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Governor-General Julie Payette, right, presents The 2017 Michener Award to reporter Robyn Doolittle and editor-in-chief David Walmsley during a ceremony at Rideau Hall on June 12, 2018 in Ottawa.Dave Chan/The Globe and Mail

The Globe and Mail has won the 2017 Michener Award recognizing public-service journalism for its investigation into how Canadian police handle sexual-assault complaints.

Unfounded, a 20-month long project spearheaded by reporter Robyn Doolittle, looked into the way Canadian police handle sexual-assault complaints. Using data gathered from hundreds of police services across the country, the project showed that sexual-assault complaints are twice as likely to be dismissed as unfounded than complaints in other assault cases.

The investigation spurred law-enforcement agencies to review more than 37,000 cases, and some agencies pledged to revamp their approach to policing sexual violence.

“The judges concurred that this rigorous, in-depth investigation exemplifies the best in public service journalism and the critical value of media in effecting change,” said Alan Allnutt, president of the Michener Awards Foundation.

Globe editor-in-chief David Walmsley called the win a profound honour.

“The global response to this textbook investigation has been astonishing and the connections we have made with the women involved will stay with us always,” he said.

Governor-General Julie Payette presented Ms. Doolittle with the award at Rideau Hall on Tuesday.

In a speech earlier in the evening, Ms. Doolittle said the investigation showed that sexual-assault victims who came forward were not being taken seriously.

“The real way to fix the system is for more people to come forward, and that’s only going to happen if there’s trust in the system,” she said.

The Globe was nominated for three Micheners in all, the only media outlet with multiple nominees for the prestigious prize.

The others included Tainted, a series by Grant Robertson that exposed how federally licensed medical marijuana was tainted with pesticides. The series forced Health Canada to implement mandatory pesticide testing for all companies in the industry.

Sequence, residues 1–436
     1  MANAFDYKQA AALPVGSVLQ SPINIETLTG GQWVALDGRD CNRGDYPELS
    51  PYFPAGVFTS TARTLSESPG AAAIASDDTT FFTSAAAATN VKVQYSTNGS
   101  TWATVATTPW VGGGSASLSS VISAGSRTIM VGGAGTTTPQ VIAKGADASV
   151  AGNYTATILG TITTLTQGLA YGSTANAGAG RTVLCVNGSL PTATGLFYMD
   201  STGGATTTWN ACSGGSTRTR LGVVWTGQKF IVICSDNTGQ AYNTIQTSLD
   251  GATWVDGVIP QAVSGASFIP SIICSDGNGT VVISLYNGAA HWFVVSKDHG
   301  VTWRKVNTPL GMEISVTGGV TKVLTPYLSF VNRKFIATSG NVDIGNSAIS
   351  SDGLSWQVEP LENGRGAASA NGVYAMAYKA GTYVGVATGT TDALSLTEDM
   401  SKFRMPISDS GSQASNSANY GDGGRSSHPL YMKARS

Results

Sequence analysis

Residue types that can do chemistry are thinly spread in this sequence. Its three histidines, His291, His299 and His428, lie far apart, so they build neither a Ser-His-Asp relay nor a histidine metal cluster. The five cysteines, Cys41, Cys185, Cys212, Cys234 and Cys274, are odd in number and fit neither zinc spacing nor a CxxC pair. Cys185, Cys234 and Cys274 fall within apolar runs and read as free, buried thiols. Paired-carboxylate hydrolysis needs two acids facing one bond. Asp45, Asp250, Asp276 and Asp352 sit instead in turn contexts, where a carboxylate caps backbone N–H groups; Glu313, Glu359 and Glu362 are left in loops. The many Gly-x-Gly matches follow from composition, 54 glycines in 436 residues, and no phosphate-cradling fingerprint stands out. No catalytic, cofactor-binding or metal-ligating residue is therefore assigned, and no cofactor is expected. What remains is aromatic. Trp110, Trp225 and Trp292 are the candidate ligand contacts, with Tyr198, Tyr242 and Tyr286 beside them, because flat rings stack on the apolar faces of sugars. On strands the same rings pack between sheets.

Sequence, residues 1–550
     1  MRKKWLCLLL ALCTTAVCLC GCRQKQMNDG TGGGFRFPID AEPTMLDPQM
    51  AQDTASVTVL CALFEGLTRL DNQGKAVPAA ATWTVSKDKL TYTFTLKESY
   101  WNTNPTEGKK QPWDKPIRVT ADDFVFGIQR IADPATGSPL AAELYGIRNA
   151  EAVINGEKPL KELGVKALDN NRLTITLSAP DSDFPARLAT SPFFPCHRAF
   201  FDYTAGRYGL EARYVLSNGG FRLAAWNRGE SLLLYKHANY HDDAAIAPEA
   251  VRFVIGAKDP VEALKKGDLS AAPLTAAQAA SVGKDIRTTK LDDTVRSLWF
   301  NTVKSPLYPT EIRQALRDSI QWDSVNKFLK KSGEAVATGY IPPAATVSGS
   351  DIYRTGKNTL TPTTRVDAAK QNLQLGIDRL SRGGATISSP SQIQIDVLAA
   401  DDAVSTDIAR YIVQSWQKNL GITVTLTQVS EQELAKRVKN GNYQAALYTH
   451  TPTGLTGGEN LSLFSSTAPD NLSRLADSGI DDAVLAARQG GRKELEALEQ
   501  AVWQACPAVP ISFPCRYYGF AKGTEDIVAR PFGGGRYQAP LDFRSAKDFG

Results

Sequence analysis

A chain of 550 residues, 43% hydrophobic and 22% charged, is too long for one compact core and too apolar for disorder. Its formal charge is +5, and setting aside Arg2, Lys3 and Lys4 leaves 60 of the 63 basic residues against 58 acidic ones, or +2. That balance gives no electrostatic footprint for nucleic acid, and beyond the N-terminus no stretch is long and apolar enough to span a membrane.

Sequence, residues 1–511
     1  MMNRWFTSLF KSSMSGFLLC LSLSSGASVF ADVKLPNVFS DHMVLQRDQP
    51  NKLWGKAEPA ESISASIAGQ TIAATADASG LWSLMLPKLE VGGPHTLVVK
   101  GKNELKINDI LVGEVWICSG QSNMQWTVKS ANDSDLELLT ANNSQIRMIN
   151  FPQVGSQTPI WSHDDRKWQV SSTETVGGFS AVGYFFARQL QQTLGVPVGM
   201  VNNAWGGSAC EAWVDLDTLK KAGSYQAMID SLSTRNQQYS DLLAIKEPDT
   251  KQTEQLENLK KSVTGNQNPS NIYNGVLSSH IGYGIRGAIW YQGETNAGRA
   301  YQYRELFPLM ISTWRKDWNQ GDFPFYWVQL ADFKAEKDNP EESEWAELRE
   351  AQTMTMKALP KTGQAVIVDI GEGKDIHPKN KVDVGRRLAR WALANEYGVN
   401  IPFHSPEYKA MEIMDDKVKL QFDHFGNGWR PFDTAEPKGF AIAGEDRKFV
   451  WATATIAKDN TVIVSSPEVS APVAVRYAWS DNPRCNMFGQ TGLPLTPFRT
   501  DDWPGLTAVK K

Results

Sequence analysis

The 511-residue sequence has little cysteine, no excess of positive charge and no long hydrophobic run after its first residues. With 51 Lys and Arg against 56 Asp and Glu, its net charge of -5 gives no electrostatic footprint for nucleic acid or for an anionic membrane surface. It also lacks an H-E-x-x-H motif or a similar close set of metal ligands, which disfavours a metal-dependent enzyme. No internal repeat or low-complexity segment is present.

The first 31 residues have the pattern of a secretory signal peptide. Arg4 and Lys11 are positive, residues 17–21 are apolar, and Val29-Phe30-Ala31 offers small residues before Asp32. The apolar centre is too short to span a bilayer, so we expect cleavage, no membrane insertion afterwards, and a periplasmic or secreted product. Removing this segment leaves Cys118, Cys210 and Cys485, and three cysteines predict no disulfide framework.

Easy Money, a year-long investigation by Grant Robertson and Tom Cardoso, was nominated as well. The analysis of almost 6,000 securities cases across the country found more than $1.1-billion in unpaid fines, underscoring how financial regulators have been ineffective in sanctioning fraudsters and white-collar criminals.

The Vancouver Sun’s Gordon Hoekstra was also nominated for his investigation of the securities sector, revealing how the B.C. Securities Commission has failed to collect hundreds of millions of dollars in penalties.

The other finalists were: Cogeco Media reporters Monic Néron and Émilie Perreault for their reporting on sexual harassment and assault allegations against Just for Laughs founder Gilbert Rozon; CBC Edmonton for its investigative series on Pure North, an alternative health foundation of a Calgary businessman; a Global News team for its exposé on how Immigration, Refugees and Citizenship Canada used faulty and outdated academic research to handle permanent residency applications for people with disabilities and medical conditions; and the Toronto Star for its year-long investigation on companies increasingly turning to temp agencies to cut costs and limit liability for workplace accidents.

The Michener Award was founded in 1970 by then-governor-general Roland Michener.

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